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as a follow up to here:

Verifying a bitcoin trx on the Unix cmd line with OpenSSL?

and here:

How does the ECDSA verification algorithm work during transaction?

I use the pizza trx, and verify at the command line (using openssl), that produces expected result. When I want to check in graphical BITCOIN QT 0.13.1 client, s.th. fails. What I did so far:

I have these values in the files:

pizza.sighex
30450221009908144ca6539e09512b9295c8a27050d478fbb96f8addbc3d075544dc41328702201aa528be2b907d316d2da068dd9eb1e23243d97e444d59290d2fddf25269ee0e

pizza.keyhex
3056301006072a8648ce3d020106052b8104000a034200
042e930f39ba62c6534ee98ed20ca98959d34aa9e057cda01cfd422c6bab3667b76426529382c23f42b9b08d7832d4fee1d6b437a8526e59667ce9c4e9dcebcabb

pizza.hash2
c2d48f45d7fbeff644ddb72b0f60df6c275f0943444d7df8cc851b3d55782669

(Attention: in the original webpage the double hash was given by amaclin in reversed order!)

 $ xxd -r -p <pizza.sighex >pizza.sigraw
 $ xxd -r -p <pizza.keyhex | openssl pkey -pubin -inform der >pizza.keypem
 $ xxd -r -p <pizza.hashhex >pizza.hash2
 $ openssl pkeyutl <pizza.hash2 -verify -pubin -inkey pizza.keypem -sigfile pizza.sigraw

--> Signature Verified Successfully

now try in Bitcoin Core, the uncompressed public key hashes to this Bitcoin address:

17SkEw2md5avVNyYgj6RiXuQKNwkXaxFyQ

The signature as base64 encoded string:

$ echo 30450221009908144ca6539e09512b9295c8a27050d478fbb96f8addbc3d075544dc41328702201aa528be2b907d316d2da068dd9eb1e23243d97e444d59290d2fddf25269ee0e | base64 -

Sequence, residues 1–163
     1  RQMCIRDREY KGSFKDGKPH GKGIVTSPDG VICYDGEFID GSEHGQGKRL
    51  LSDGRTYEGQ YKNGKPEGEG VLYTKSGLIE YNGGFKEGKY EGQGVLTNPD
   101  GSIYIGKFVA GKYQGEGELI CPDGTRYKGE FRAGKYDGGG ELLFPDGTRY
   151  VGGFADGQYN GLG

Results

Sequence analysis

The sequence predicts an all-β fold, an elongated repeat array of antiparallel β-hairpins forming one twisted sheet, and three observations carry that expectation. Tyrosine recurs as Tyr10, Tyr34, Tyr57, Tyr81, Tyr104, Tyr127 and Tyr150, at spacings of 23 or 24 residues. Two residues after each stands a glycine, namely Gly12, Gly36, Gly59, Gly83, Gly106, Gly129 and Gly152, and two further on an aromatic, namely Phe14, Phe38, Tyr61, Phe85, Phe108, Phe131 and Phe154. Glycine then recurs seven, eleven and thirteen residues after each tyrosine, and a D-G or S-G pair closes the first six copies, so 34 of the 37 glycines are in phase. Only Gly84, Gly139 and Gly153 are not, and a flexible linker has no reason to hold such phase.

MzA0NTAyMjEwMDk5MDgxNDRjYTY1MzllMDk1MTJiOTI5NWM4YTI3MDUwZDQ3OGZiYjk2ZjhhZGRiYzNkMDc1NTQ0ZGM0MTMyODcwMjIwMWFhNTI4YmUyYjkwN2QzMTZkMmRhMDY4ZGQ5ZWIxZTIzMjQzZDk3ZTQ0NGQ1OTI5MGQyZmRkZjI1MjY5ZWUwZQo=

Entered into the QT client, I always get a "Message verification failed". So I try from scratch, I go to the tab "sign message", and enter this: pubkey hash:

1DHG9SbeW3SXNpvbRUG3txXm1yDZTPKY9X

hash value:

56cc00a443f7b457ac3ec4bf1cc10ab3fa0c97fb173c27465b35766d313cd18c

and click "sign", to receive a base64 (?) encoded string:

IKWqGIVDCcpTBgFNushFeOlDj/08B4LEzYl4LDrWLLKnPQrqaSjjFYrdeWGXH9eIgHw7F7bkRtPpwC6jOur+R8k=

Now I should be able to enter these three values in the verify tab, so I cut and paste them into the fields, and they fail as well. I couldn't find any relevant information on how to use the Bitcoin Core 13.1 client. I am looking for some description or some reference, that explains underlying logic. Any help appreciated :-)

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The message signing function in Bitcoin Core uses a different extra compact format for encoding signatures. The algorithm is also intentionally incompatible (through an extra hashing step) with the one used in transactions, to avoid people being tricked into signing a transaction.

  • Does this apply to transaction signatures as well? Is the openssl cli unable to sign a transaction sigHash? – JBaczuk Aug 15 '18 at 2:40

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